HOW WE WERE BORN
Quesada said that in his days, marriage was taken very seriously, one reason being that it was difficult to bear children.
"A great many young women, if they did not die outright on giving birth to their first child, lost not only their beauty but also their health. There were no physicians, graduate nurses or midwives to minimize the suffering and the terror of maternal death in Paete. Instead, they had old men and women who, because of age and boldness were supposed to have acquired the expertise of assisting at birth," he said.
The birth of a baby in those days was more or less a public affair. People came to a couple's house supposedly to help prepare the mother for the ordeal, but really it was so that they would be first announce what sex the baby was.
The crowd made the house quite uncomfortable, especially since all doors and windows were tightly shut, to prevent mother and child from being blown by an ill-wind (mahipan ng masamang hangin). To make it worse, steam from hot stones, boiling water and lagundi (a medicinal plant) filled the house, presumably to prevent the mother from hemorrhaging and from infection.
Even up till the mid-1950s, the "magpapaanak" was still first to be called when a young wife was about to give birth. My own mother had four of her five children with Tandang Tiyang Dailo (Daiti) assisting. Only Susan, the youngest who was born in Manila, had the privilege of having been delivered by a doctor.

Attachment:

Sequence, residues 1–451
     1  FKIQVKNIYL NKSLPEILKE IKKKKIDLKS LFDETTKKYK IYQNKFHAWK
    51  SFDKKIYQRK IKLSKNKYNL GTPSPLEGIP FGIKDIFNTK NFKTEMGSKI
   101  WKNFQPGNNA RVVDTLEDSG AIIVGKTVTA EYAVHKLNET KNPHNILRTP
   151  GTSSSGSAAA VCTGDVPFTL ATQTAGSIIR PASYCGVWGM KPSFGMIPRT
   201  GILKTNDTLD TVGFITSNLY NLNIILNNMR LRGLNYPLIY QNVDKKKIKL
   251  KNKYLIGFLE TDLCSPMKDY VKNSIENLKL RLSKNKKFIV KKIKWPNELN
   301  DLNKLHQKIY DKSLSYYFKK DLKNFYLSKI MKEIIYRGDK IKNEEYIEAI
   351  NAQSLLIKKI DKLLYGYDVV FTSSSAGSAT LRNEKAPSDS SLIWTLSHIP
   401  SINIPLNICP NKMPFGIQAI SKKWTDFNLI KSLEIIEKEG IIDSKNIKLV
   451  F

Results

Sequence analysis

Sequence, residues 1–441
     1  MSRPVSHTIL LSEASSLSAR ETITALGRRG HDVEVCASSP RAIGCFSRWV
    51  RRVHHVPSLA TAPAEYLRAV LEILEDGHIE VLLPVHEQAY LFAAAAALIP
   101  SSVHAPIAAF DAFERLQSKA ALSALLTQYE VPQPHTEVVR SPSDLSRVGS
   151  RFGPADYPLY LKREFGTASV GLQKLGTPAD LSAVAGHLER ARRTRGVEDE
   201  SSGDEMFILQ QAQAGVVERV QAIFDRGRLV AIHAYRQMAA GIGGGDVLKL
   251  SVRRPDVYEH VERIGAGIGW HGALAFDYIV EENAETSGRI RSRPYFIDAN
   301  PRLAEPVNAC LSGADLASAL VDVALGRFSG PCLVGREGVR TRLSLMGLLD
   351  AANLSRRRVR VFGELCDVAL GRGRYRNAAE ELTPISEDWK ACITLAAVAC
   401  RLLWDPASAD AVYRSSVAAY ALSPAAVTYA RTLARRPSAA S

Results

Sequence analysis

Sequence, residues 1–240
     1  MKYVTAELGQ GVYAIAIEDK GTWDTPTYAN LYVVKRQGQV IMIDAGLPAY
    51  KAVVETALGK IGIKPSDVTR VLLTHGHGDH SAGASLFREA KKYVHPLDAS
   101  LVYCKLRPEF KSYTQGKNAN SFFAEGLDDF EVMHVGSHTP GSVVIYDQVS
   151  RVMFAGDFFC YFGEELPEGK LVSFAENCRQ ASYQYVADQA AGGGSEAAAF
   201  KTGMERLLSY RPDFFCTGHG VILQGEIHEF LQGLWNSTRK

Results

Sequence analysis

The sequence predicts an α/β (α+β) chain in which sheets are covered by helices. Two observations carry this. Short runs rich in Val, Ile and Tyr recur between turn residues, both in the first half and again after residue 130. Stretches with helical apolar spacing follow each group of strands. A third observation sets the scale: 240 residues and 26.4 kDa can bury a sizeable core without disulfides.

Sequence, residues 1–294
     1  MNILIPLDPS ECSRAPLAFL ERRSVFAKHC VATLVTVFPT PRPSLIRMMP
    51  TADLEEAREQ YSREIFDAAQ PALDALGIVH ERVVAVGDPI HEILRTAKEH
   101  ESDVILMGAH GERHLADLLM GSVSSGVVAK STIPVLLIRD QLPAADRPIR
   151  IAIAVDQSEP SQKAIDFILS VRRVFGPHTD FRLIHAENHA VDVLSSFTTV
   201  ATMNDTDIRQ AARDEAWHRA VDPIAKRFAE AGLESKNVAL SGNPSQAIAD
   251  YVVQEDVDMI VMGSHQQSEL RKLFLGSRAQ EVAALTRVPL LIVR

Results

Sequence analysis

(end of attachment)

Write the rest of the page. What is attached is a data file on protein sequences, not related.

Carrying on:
By 1960, Paete was boasting of a few professionally-trained midwives, among whom were Miss Amelia Astronimo and Miss Edi Bague (later Mrs. Cadang.) These modern midwives had no use for lagundi or steaming stones to exercise their profession. Neither did they need to close all windows and doors while assisting at devliery.
To back up a bit, a glimmer of hope did start to shine on Paete as early as the 1930s from a small educated class who tried to set an example toward a saner and safer childbearing process. I was told that at this time, a few medically-trained nurses had started assisting at child delivery, usually among families of schoolteachers and other professionals.
Virgilio Madridejos, son of schoolteacher Mr. Tomas Madridejos,says that Mrs. Raymunda Cadayona
(Tandang Munda) was a pioneer among these professionally-trained nurses during the mid-19th century.
"Tandang Munda was the best midwife and nurse that Paete ever had. Even Amelia Astronimo and Kang Edi Bague Cadang might have been delivered by her in their own homes.
"There are seven children in my family and all of us were delivered by her loving hands under the roof of our own home. During three decades expanding from 1930 to 1950, she might have delivered hundreds of babies in our town of Paete," Virgilio writes.
Still, Quesada said that as a result of a very high maternal and infant mortality rate, Paete population grew so slow over the years and that it took our town 80 years to double its population from the mid-1880's. And presumably it took the same number of years for Paete to spread eastward to Ilaya, southward to Kinale, and northward to Bagumbayan.
Paetenians were so few that even in the
1930's, population was still sparse. Quesada also sadly noted that between the years 1943
and 1955, 312 people have died as a result of the war.
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